Skip to Main Content

The Re(Searching) Process: Citing and Referencing

This guide was created to help high school students, new CBU students, and community members with searching for resources (with open access and open education), evaluating various resources, and building citation skills (using MLA).

MLA Style

This page focuses on MLA standards of citation and reference while providing links to various other citation style guides such as APA and Chicago. MLA is typically used in the subjects of Humanities. APA is used in the subjects of Education, Psychology, and Sciences. Lastly, Chicago is mainly used in History and Business subjects. When in doubt on which citation style to use, ask your instructor what their preference is.

Why Cite?

  • Sources that support your ideas give your paper authority and credibility
  • Shows you have researched your topic thoroughly
  • Crediting sources protects you from plagiarism 
  • Shows your instructor/audience/employer where you got your information from

When to Cite?

  • Direct Quote
  • Paraphrasing of a quote, passage, or an idea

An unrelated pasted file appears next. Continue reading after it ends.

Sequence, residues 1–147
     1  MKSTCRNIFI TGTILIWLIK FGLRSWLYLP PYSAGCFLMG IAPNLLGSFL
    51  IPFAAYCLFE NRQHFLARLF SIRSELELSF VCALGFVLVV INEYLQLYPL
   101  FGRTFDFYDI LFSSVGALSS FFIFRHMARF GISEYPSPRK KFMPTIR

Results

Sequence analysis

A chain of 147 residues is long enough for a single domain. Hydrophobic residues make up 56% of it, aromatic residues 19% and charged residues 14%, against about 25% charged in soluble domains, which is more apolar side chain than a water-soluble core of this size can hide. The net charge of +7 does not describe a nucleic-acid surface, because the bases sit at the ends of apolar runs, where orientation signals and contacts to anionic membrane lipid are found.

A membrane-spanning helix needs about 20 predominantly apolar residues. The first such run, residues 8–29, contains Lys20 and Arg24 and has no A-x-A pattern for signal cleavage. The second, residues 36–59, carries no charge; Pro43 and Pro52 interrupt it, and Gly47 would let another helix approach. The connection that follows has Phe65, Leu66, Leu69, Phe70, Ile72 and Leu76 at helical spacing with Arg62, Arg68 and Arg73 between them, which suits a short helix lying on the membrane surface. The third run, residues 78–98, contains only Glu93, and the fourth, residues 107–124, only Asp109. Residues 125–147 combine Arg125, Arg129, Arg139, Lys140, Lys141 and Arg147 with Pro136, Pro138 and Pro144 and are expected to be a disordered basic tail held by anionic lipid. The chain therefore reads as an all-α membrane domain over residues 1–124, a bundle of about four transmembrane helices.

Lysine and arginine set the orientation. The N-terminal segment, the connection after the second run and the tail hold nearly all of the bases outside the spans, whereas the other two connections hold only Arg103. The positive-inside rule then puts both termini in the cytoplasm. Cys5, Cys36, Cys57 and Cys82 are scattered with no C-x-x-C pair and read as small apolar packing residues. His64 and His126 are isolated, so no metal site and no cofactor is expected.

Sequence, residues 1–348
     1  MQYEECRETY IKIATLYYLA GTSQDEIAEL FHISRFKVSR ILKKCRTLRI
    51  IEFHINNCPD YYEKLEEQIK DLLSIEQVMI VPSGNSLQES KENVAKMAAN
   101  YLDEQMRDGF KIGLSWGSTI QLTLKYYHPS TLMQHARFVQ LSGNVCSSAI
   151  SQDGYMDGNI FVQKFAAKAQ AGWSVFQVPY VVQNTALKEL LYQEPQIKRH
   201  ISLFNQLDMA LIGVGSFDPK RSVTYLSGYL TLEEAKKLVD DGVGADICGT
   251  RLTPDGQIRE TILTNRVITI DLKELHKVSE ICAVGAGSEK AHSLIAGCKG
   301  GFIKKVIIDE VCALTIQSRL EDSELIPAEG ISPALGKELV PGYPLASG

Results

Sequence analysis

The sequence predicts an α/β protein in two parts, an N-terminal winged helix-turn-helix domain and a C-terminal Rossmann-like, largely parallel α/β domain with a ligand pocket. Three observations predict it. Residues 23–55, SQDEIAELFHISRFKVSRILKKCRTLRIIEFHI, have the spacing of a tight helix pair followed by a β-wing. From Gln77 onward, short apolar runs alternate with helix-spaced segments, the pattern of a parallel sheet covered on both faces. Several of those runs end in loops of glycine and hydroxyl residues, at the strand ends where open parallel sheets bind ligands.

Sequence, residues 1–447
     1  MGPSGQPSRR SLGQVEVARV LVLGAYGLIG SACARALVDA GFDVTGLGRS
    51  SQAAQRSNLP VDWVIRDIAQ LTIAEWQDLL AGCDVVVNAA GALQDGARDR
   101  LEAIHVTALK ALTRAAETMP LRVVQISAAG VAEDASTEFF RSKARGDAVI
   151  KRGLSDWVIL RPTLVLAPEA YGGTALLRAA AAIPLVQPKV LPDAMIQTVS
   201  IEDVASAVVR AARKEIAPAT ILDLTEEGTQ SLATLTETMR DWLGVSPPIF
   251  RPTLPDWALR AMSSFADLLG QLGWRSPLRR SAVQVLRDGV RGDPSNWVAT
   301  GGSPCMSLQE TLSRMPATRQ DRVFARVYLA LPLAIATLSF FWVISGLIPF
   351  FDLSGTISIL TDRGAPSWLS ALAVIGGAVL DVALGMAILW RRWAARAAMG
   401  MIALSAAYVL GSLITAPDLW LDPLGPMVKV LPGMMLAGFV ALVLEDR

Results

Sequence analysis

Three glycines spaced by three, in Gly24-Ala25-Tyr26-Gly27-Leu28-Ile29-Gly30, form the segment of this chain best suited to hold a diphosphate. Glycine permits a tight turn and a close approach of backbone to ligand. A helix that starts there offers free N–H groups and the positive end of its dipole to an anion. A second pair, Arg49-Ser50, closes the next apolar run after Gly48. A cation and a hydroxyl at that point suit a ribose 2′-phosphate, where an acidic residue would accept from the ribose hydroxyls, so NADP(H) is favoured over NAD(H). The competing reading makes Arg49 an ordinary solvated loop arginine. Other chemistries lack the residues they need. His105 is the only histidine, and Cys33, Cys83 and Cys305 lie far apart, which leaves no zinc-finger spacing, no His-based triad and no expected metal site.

• Summarizing another's ideas or research
  • Specific reference to a fact, figure, or phrase.

Citation Hacks

If you are accessing a resource (e.g. books, articles, etc.) through CBU library or with google scholar you can copy and paste the pregenerated citation to your Work Cited Page. But remember to double check with a MLA guide to make sure that it is accurate and up-to-date with MLA standards.

CBU Library-Novanet:


Google Scholar:

MLA In-Text Citations

In-Text Citations are used when a person is quoting, paraphrasing, and/or summarizing another source within their own paper to support their ideas.

MLA Work Cited Page

A Work Cited page is the last page of a paper and it is where you show where you retrieved your supportive sources such as books, articles, videos, websites, newspapers, etc.